by David Olawoyin
Not For Sale
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Not For Sale
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HIRE THIS WRITER
It was exactly 2200 hours. The petite man standing at the head of the long, glass-topped golden table raised his arms in supplication. The Magen David pendant on the silver chain he wore over his royal blue cassock sparkled as it caught the light of the low-hanging chandelier. “And the kingdom and the dominion, and the greatness of all nations under heaven, have been given unto you, Holy Father Yeshua,” he intoned.
His identically clad fellows, eleven along each side of the table and one at its foot, responded with accustomed rhythm: “Even so do we now reign under you. For you were slain and have redeemed us to God by your blood out of every kindred, and tongue, and people, and nation, and have made us unto our God kings and priests.”
The twenty-four members of the Weshland Provincial Council of Bishops made the Sign of the Star, bowed their heads and sat down to the night’s proceedings in the Conclave Room of the Bishop’s Mansion. At the top of their agenda was the third century phase of the province’s rebuilding program.
It was cold and windy when the bishops emerged from the mansion three hours later. The night air carried the fragrance of the designer flora that flourished in the expansive Bishop’s Court, the heart of the Zion Mission Reservation, the most spectacular and most revered piece of real estate in New Caernarfon, archdistrict of the Province of Weshland. Brilliantly white in the daytime, the mansion glistened gold in its heavy bath of powerful yellow lights, which also gave extra shimmer and elegance to the twelve, identical black limousines parked against an arcade running along the western side of the mansion.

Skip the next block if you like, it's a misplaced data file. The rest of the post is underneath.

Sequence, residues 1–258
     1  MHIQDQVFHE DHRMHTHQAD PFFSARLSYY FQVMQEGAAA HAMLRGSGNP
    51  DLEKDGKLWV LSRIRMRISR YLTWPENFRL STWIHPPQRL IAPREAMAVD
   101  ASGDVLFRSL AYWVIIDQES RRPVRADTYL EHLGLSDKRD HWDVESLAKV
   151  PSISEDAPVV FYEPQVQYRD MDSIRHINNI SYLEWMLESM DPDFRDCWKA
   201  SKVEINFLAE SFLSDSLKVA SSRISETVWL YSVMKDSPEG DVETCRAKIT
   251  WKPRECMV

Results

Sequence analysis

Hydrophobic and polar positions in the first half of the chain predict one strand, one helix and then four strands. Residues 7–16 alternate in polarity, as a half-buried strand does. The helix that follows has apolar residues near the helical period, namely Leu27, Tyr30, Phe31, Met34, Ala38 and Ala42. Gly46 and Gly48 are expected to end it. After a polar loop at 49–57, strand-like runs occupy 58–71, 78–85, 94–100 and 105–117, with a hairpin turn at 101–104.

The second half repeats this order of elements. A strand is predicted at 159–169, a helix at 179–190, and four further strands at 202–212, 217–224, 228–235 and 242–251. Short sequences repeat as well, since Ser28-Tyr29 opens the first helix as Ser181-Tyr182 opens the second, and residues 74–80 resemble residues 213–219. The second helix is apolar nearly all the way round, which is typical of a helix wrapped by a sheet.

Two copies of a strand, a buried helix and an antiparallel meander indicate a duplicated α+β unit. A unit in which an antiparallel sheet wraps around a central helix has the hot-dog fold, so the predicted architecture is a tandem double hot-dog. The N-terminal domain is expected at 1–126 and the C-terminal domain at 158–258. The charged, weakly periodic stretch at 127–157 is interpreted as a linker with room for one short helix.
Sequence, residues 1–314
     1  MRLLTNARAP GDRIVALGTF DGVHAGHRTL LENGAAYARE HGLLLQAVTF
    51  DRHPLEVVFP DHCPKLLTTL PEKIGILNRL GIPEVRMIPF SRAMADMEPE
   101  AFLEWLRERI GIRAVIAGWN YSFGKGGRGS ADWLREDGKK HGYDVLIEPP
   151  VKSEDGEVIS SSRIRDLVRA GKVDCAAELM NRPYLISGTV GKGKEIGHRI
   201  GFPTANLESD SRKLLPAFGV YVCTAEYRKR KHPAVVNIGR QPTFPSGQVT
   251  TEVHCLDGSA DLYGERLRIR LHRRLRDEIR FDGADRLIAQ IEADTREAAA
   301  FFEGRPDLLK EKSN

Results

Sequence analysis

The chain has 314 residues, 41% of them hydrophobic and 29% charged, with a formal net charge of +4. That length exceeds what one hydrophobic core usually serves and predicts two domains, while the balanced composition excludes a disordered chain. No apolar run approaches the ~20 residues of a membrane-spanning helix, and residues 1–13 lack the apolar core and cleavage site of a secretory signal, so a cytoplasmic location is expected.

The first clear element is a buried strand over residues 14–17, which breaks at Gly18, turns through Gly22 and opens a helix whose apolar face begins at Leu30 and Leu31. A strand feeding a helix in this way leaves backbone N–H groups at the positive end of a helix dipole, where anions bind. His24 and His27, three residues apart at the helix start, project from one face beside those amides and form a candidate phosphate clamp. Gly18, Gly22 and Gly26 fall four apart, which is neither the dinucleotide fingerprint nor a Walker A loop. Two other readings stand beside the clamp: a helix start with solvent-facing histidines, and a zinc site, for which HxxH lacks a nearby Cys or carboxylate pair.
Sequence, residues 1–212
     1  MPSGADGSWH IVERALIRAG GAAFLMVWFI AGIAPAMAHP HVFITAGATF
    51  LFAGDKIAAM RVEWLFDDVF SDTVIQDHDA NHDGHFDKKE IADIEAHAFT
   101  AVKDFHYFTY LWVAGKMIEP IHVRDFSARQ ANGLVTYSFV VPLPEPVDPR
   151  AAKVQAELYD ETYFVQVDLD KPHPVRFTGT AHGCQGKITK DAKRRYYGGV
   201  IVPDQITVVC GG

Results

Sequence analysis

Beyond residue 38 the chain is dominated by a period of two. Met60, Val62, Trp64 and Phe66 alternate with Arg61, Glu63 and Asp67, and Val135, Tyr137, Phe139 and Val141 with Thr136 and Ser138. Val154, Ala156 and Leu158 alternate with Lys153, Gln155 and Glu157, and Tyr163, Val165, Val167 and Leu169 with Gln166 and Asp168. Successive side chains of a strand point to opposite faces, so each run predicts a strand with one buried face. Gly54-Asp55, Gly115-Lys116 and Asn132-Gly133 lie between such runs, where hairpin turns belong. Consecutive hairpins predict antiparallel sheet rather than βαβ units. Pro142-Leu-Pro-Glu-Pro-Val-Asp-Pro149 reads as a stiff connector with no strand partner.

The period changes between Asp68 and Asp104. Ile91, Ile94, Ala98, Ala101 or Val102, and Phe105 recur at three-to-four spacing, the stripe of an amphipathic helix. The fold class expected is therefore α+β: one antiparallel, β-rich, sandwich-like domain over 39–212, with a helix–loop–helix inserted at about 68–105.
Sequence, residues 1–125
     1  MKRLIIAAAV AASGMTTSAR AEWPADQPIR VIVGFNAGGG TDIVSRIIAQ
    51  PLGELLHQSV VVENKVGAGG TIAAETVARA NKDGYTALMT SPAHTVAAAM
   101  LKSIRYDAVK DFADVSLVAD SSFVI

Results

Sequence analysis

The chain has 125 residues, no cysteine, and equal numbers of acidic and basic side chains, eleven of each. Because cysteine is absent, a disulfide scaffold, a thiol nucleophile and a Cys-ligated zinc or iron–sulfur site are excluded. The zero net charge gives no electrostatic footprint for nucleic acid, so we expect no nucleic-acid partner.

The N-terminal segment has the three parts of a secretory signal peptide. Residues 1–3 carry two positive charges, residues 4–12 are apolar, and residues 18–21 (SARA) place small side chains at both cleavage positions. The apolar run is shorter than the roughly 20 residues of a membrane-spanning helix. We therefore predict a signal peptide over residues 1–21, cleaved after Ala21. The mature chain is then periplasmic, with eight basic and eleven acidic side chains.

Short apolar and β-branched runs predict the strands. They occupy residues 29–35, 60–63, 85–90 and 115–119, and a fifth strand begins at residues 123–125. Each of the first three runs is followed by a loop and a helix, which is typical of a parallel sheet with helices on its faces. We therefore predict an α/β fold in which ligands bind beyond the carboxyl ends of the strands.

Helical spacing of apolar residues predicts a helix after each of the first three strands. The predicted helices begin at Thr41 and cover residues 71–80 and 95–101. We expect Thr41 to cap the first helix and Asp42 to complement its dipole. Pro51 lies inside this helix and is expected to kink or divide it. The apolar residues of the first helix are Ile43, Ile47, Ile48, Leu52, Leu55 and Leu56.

Eleven pairs of the bishops, each comprising a bishop and his auxiliary, boarded eleven of the limousines and departed for their respective districts. The Banner of Zion pennants on the powerful cars fluttered as they gathered momentum down the 150-meter arrow-straight driveway. The heavy ornate gates at the end of the driveway recognised the lead car of the approaching convoy and silently slid apart. They slid back into lock as the tail car glided past.
The twenty-third guest, the Auxiliary Bishop of the archdistrict, lingered awhile with his superior, the host Bishop. Standing side by side in the portico of the mansion, hands clasped behind them, cassocks fluttering in the wind, they gazed into the night, down the driveway, past the ornate gates, and all the way down the brilliantly illuminated Bishop’s Bulverde. The striking scene that stretched out before them terminated at the lighted fountain of the Bishop’s Intersection about 300 meters away.
“Out of Zion, the perfection of beauty, God has shined,” the Bishop muttered.
“But we still have some work to do before that perfect beauty of our beloved Zion is replicated the world over,” the Bishop said.
“You’d do well to get your wheels rolling then.” The Bishop turned to embrace his auxiliary, who then boarded the twelfth limousine for his court within the reservation. He watched the 6-metre stretch of the car make its own unhampered trip down the driveway and past the ornate gates before returning into the mansion.
0900 hours that morning met Ariel Obafemi in the office of the Personal Assistant to the Projects Director, Department of Physical Planning and Development at the Welshland Zion Mission Secretariat. Sitting on a cream leather couch, his smiling black face contrasting sharply with the white wall behind him, he cut a trendy sight in his chequered yellow long-sleeved shirt on dark blue trousers and jet black boots.
“Imagine me hopping around on a leg and a crutch, the cased leg thirty centimetres shorter,” the vivacious female assistant he hadn’t seen in three years was saying. It was for the pleasure of sharing this time with her that Ariel had arrived an hour ahead of his appointment with the Director.
“Changing the case two months later, it was only fifteen centimetres shorter,” she continued. “Another two months and it was perfectly whole! That was certainly a miracle the Mission Hospital medics had performed!”